See the problem? Candidate Obama cited the issues that first needed to be addressed, while President Obama has decided to throw billions at nukes before tackling those issues.
Safety problems persist; not long after the State of the Union announcement, Vermont lawmakers voted to shut down the Vermont Yankee nuclear plant starting in 2012, citing repeated leaks of radioactive tritium. In the words of Republican state senator Randolph Brock III, "If the (owners’) board of directors and management were thoroughly infiltrated by antinuclear activists, I do not think they could have done a better job of destroying their own case." (Late last week, the plant owners claimed that their technicians had finally fixed the underground pipes that had caused the leaks.)
And there is still no solution to the radioactive waste storage problem; we’ve been talking about that issue since the days when disco ruled the music charts. The current plants annually produce 2,200 tons of waste, all of which has to be stored on site. Do the math; that’s more than 60,000 tons over the past 30 years. Some California plants store their waste adjacent to earthquake faults.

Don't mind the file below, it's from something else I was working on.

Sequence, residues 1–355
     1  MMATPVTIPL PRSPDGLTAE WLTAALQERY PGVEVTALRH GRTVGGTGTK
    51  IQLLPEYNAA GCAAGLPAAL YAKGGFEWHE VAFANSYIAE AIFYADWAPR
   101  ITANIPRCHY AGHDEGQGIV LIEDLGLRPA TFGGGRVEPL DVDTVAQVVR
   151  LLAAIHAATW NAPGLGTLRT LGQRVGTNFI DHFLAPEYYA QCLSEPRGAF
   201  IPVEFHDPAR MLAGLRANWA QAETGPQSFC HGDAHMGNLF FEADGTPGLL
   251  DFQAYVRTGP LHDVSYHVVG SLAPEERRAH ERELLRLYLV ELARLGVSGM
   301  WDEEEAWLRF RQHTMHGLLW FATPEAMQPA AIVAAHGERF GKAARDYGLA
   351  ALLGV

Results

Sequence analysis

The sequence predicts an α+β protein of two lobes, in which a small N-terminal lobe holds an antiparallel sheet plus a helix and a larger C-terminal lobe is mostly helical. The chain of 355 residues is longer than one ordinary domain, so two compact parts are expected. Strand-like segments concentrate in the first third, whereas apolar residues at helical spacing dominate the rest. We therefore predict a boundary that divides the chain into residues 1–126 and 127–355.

Not only has Obama signaled a green light for nukes before addressing this problem, he has actually exacerbated the problem. Yucca Mountain in Nevada has long been designated as the place where these wastes would be deep-sixed, but Obama has swept that site off the table. The reason is politics. Nevada is now in play as a winnable state for Democratic presidential candidates – Obama won it in 2008 – and the surest route to defeat is for a Democrat to open Yucca. Meanwhile, Senate leader Harry Reid is trying to keep his Nevada seat this year, and he’d sing at Caesar’s Palace before he’d dare tick off his not-in-my-backyard voters.
So don’t assume that a new nukes era is at hand; the politics, though somewhat scrambled, remain daunting. Barring a small miracle, I’ll stick with physicist Amory Lovins’ quip that nuclear power is an exceedingly costly way to boil water, "the thermodynamic equivalent of using a chainsaw to cut butter," and that neither politics nor the private sector can save the industry from a long, slow death - what he now calls "gigantism's last gasp."
If you're mourning the imminent demise of 24, and the end of Jack Bauer's reign as the only guy who can save the world eight times over without ever going to the bathroom, you might want to read my new freelance piece. An homage, of sorts.